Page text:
Desktop-inventory features can help expedite any insurance claims by providing current inventory lists of items damaged in the disaster, thereby helping a cash-strapped company get back on its feet. Make sure the inventory functionality can track serial numbers of both hardware and software, because insurance companies often require serial numbers for hardware to settle a claim, and valid software serial numbers can help you obtain replacement media for lost software.
Desktop-management software that automates workstation provisioning can quickly roll out images of a base computer and applications, significantly reducing your recovery time. If you have many desktops to support, look closely at the amount of time it takes to roll out an image to a desktop: 15 minutes of save time per desktop can be substantial if you have many desktops to image. Assuming you have to move into temporary office space, using wireless networks is a quick way to bring up a temporary network, but how secure is it? Using desktop-management software that checks compliance with security and IT policy will ensure that the workstations are using the proper wireless encryption standard, are updated with the most current antivirus/anti-spyware patterns, and are up-to-date with the latest OS and application patches.
Some desktop-management applications offer automatic-remediation features that fix computers not up to company's standards, and other applications automate the patch and update process. Automatic remediation can fix a desktop without requiring IT intervention, freeing up the IT staff to concentrate on the recovery process.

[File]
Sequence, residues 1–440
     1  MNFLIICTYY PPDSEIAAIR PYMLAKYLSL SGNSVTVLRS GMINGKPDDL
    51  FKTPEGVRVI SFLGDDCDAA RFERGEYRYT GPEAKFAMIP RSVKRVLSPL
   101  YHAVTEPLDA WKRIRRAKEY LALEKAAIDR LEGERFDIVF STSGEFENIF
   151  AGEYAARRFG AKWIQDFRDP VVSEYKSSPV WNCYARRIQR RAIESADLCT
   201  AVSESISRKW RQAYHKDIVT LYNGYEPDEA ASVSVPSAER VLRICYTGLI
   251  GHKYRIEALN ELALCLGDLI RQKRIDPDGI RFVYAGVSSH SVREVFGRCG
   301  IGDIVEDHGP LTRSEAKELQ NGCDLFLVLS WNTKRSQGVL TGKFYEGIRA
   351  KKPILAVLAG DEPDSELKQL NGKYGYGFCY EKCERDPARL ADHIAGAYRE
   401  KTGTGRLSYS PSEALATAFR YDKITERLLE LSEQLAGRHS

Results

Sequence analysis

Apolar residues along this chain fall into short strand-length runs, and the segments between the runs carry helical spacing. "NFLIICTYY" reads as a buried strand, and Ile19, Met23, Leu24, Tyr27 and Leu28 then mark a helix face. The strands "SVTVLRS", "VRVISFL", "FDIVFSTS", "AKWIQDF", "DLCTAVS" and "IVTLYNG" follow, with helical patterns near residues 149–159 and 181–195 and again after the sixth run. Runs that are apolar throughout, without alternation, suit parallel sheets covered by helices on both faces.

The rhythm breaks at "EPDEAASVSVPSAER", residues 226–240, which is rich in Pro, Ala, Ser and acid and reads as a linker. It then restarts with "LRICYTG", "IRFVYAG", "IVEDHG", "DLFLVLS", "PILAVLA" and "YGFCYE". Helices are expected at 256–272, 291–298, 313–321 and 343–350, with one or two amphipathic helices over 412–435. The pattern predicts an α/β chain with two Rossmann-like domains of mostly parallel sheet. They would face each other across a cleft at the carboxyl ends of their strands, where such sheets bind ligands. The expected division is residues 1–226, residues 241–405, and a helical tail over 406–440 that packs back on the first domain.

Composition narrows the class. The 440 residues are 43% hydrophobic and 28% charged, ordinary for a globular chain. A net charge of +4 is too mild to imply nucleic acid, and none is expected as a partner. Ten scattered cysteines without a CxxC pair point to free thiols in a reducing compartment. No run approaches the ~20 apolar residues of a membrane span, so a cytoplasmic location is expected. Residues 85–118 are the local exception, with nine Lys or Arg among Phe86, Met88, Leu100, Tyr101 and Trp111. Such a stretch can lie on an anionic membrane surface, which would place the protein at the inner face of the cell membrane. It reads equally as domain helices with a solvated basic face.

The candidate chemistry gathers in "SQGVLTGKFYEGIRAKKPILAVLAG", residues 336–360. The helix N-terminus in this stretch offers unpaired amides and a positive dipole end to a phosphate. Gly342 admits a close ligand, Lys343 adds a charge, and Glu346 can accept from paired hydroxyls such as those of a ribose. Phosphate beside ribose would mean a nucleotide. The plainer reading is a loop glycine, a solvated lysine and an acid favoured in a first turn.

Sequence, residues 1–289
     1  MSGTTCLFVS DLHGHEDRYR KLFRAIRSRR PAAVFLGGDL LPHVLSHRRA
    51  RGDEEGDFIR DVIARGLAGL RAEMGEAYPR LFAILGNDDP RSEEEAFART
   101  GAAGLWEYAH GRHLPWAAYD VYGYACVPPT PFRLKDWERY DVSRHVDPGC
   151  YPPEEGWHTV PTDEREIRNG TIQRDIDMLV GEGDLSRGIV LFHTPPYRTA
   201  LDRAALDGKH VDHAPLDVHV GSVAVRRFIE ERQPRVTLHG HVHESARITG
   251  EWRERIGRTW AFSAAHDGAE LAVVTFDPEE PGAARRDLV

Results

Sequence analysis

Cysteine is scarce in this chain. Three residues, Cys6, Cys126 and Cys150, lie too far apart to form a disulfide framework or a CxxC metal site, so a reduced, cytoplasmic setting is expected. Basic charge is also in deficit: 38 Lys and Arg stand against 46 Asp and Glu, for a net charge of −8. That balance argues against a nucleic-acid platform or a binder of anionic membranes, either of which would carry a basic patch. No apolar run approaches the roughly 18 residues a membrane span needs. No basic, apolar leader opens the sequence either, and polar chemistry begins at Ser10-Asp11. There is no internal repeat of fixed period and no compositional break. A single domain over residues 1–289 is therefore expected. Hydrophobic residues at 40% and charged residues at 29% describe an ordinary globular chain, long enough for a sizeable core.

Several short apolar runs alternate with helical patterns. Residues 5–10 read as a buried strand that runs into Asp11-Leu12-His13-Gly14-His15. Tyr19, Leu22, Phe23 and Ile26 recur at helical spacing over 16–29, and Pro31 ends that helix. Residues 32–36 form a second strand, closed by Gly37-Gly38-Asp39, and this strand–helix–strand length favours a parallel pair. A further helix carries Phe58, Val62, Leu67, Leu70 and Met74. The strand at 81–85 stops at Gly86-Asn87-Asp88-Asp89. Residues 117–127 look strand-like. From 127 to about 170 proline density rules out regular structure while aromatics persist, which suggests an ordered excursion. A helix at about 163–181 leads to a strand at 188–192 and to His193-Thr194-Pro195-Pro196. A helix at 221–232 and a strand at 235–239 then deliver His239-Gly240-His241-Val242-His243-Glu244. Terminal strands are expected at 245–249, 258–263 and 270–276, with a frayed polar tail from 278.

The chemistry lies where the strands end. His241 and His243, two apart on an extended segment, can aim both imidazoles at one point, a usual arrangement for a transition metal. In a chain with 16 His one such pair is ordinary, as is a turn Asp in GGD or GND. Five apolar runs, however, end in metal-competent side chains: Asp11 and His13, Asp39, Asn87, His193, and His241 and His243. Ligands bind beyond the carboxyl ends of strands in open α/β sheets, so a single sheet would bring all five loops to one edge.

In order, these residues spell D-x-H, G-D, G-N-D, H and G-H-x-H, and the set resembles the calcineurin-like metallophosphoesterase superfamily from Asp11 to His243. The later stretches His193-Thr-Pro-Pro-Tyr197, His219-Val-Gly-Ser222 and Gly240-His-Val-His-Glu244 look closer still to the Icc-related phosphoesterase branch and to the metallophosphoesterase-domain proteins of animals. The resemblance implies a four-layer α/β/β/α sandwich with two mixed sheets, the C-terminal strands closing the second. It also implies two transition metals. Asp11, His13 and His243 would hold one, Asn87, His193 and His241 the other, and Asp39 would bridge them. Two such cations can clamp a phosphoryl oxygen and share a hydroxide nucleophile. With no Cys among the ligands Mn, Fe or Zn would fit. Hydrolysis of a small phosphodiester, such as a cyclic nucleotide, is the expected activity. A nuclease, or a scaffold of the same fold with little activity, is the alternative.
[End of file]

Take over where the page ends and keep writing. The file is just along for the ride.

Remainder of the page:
You've finally convinced your boss to upgrade the Windows 98 desktops that your company uses for 3D rendering and CAD. However, you have 100 computers that you'll need to integrate into your network within a week. Of course, desktop-imaging features can be extremely useful in this kind of migration, but what about all of the users' existing applications, documents, and settings?
In this monumental task, a desktop-management application that handles user state migration can save a significant amount of time. Especially handy is software that can take a subset of existing applications and settings when a new workstation has an upgraded version of an already existing application. Also beneficial is software that automatically performs a backup of the original desktop in case the migration process goes awry. If you have many desktops to migrate, you might seek desktop-management software that performs exception reporting to alert you when a migration doesn't go smoothly.
With this type of major upgrade, you can expect a flood of calls to the Help desk, particularly when the upgrade involves new hardware, a new OS, and new applications. Desktop-management software that provides remote support and Help desk management features can track complex problems in an incident database and let the Help desk quickly respond to support concerns. IT staff members can use the incident database as an internal knowledge-base to ensure that they don't reinvent the wheel when other users encounter the same problem. Developing a Help desk database that addresses a company's support problems lets less experienced IT staff members solve complex problems quickly. Senior staff members are then more free to focus on major infrastructure concerns.